We are responsible for each and every action we take, no matter the outcome. Usually, we tend to take responsibility for our positive actions and try to blame others for the negative ones. More or less, that is human nature.
I can speak for myself, and admit I have the same tendency. But the more we take responsibilities for our actions, the more we get to correct our mistakes, and it helps us grow. Being responsible for our actions, whether right or wrong, shows our level of maturity.
We are always blaming others for traffic jams, accidents, and vandalism -- but we forget that sometimes we are causing them. When there is a foot overpass close by and we are not using it, rather carelessly crossing the busy street, it might cause an accident, and then there is no way we can blame others for it. In a situation like this, we are not causing problems only for ourselves, but also for people around us.
We need to think about the consequences of our actions. A small mistake can be life-changing in a split second, for example, it is very unsafe for three people to ride on a motorcycle that too without helmets.
The authorities can make rules and implement it, but if people don’t follow set rules and cause accidents, then they should take responsibility for it.
As citizens of this country, we have a major role to play. It is to follow and respect the rules, regulations, law and order, and to keep the country clean and safe. After all, rules are made to benefit us and keep us safe.
Mahatma Gandhi said: “A nation’s culture resides in the hearts and the soul of its people.” In my close observation of Bangladesh, I’ve witnessed that we have a tendency to break the law and look for a shortcut, so we build a culture of breaking the laws, and letting people off unpunished.
We need to set examples for the next generation. The government cannot always take initiatives, and as citizens of this country, we also have to come forward to take on leadership roles
As a nation we are very impatient. We don’t want to wait in line, we tend to take the wrong lane on roads and cause accidents, and we want results without putting in any effort.
We forget that results without effort cannot be sustained for very long. We have a tendency to work for quick results, but not to attain knowledge, value, and quality.
We need results which can be sustained for the long term, and that requires extra effort and hard work, which most people are not willing to put in. People who are giving extra effort will stand out and become extraordinary achievers.
Let’s learn to take responsibility for all our actions. It is not easy, but it is very much possible.
If our action brings a negative result, let’s admit our mistake and learn from it. Admitting our mistakes makes us better people -- there is no shame in saying sorry for mistakes made.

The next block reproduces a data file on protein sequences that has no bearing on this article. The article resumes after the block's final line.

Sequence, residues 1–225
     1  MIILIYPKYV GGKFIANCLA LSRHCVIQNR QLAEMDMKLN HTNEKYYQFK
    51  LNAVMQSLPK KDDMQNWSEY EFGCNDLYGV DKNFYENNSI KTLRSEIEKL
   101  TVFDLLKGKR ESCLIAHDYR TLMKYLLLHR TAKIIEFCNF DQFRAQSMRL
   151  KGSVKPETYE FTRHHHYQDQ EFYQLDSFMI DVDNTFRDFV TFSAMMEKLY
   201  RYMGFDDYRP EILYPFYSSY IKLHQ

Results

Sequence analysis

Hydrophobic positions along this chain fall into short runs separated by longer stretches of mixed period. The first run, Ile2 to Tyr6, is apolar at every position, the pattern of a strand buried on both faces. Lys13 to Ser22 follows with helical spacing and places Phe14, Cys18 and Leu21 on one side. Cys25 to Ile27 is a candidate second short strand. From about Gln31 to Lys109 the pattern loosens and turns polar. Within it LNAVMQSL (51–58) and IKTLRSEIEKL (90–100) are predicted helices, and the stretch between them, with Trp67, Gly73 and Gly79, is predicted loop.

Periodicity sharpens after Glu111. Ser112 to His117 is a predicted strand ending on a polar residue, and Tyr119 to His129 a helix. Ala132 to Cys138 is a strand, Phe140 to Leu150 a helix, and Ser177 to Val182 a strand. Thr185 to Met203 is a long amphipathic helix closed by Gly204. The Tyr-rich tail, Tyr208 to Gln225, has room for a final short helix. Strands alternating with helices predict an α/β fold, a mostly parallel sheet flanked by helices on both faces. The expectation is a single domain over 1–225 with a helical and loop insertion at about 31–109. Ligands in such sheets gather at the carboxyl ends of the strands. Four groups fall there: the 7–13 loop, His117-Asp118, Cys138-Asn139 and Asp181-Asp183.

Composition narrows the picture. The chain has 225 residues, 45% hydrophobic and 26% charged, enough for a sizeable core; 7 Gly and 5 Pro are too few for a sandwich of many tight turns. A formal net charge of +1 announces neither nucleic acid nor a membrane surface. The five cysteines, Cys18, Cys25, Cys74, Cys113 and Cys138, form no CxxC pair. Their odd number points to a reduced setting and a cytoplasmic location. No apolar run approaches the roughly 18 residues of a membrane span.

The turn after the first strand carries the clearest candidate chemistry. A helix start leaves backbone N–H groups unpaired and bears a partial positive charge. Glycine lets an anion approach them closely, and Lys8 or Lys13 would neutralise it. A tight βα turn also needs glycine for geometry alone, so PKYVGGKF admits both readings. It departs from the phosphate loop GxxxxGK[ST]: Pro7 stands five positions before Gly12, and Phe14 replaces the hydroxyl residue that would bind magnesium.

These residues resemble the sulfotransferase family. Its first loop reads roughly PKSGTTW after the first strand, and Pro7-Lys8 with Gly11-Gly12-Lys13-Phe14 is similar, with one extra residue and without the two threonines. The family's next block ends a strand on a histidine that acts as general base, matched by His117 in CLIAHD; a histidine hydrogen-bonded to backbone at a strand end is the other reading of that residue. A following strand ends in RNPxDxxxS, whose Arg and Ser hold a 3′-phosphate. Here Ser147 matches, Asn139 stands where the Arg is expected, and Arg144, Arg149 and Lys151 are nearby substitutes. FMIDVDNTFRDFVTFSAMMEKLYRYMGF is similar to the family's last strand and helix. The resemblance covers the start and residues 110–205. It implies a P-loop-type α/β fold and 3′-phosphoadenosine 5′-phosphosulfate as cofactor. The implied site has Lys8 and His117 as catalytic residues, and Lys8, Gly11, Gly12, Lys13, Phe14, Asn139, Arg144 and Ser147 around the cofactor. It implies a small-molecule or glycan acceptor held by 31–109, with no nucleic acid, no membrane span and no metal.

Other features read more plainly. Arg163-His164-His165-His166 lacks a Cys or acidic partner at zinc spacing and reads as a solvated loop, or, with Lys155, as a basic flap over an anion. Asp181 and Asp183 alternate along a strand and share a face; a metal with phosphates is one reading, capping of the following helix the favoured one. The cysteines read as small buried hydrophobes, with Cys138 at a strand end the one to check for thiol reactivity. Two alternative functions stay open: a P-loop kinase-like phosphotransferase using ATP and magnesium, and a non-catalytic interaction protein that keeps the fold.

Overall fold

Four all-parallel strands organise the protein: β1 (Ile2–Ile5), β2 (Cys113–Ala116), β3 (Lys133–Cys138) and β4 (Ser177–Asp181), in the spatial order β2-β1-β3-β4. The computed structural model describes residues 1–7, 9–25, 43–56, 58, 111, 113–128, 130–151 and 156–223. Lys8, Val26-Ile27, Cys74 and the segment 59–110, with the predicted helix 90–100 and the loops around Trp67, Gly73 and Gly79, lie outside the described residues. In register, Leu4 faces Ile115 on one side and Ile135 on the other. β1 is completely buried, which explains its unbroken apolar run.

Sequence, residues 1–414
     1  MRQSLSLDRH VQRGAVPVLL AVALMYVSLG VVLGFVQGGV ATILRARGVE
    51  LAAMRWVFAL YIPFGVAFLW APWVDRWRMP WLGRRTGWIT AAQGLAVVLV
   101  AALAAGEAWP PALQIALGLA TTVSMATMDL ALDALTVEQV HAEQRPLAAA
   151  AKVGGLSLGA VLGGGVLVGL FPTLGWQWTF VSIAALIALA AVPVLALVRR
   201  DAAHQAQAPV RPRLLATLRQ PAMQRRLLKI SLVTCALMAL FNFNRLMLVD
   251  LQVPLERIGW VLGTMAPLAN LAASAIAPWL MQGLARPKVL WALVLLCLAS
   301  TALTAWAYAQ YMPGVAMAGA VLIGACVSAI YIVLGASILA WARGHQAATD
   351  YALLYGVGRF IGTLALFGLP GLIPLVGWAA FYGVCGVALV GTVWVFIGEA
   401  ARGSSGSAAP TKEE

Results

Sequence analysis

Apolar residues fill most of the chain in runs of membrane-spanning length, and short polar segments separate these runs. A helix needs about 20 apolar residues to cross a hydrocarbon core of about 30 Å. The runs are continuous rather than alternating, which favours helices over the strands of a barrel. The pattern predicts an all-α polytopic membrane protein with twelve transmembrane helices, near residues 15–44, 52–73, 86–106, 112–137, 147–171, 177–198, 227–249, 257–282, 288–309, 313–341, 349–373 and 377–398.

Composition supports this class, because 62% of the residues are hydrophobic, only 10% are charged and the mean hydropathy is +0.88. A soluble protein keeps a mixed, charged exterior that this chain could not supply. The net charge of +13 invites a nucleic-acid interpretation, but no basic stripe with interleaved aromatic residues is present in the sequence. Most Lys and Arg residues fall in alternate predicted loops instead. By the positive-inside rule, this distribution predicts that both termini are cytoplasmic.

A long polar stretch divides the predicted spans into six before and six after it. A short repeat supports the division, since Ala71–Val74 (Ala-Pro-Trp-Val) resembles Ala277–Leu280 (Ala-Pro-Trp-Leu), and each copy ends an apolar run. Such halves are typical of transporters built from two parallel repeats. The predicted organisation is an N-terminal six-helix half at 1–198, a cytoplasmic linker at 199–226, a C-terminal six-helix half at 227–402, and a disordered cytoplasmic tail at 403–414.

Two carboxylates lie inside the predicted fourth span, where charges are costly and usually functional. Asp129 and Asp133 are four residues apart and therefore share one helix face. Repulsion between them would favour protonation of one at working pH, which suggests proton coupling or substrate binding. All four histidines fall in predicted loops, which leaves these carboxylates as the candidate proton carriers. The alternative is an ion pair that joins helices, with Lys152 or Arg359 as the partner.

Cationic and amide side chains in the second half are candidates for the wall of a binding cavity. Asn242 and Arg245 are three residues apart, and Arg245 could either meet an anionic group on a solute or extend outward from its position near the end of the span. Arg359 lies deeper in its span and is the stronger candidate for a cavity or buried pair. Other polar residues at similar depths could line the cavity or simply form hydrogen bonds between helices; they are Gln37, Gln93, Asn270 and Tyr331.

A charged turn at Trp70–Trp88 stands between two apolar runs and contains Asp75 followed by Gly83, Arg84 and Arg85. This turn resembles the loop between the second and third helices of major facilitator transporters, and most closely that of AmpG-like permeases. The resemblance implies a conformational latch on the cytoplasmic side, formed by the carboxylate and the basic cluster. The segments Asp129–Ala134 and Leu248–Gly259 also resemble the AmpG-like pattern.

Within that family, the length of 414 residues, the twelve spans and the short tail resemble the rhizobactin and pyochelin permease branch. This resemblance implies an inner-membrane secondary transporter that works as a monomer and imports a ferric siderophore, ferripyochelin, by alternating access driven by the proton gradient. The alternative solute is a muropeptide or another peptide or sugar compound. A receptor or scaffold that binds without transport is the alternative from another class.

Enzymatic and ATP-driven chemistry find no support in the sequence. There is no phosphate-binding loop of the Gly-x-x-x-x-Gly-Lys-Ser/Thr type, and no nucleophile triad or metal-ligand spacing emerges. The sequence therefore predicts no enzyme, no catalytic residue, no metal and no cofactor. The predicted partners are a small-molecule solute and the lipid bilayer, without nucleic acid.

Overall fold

We need to promote a culture where people take responsibility for their own mistakes. If the promotion comes from political and business leaders, then it will set an example for the whole nation.
Everyone will be more responsible, and will make fewer mistakes, which, in effect, can reduce accidents, crime, and corruption.
We make mistakes because we are only human, but we should learn to take responsibility for all our actions.
We all want to be better people and build a better nation that we can take pride in. When we start taking responsibility for our actions, our behaviour will be more positive, and we will get immediate benefits.
The initiative by the two city corporations in Dhaka of placing trash cans throughout the city to keep the city clean is a good approach by the mayors.
Our responsibility is to utilise these trash cans and not litter, and the city corporations’ responsibility is to clean the trash cans on time. When both parties fulfill their responsibilities, we will all get to see a cleaner Dhaka that we can enjoy, and leave to the next generation.
We need to set examples for the next generation. The government cannot always take initiatives, and as citizens of this country, we also have to come forward to take on leadership roles.
There is a saying: “When you point a finger at someone, there are four fingers pointing back at you.” So when we are pointing a finger at the authorities, we forget that we have some responsibilities too.
We always have to ask ourselves if we are fulfilling our share of the responsibilities. We need to remember that it is a two- way street.
Let’s dream for a better nation, and a better future, and work to fulfill that dream.
Abdul Baten is an Assistant Professor of School of Business in University of Liberal Arts Bangladesh (ULAB).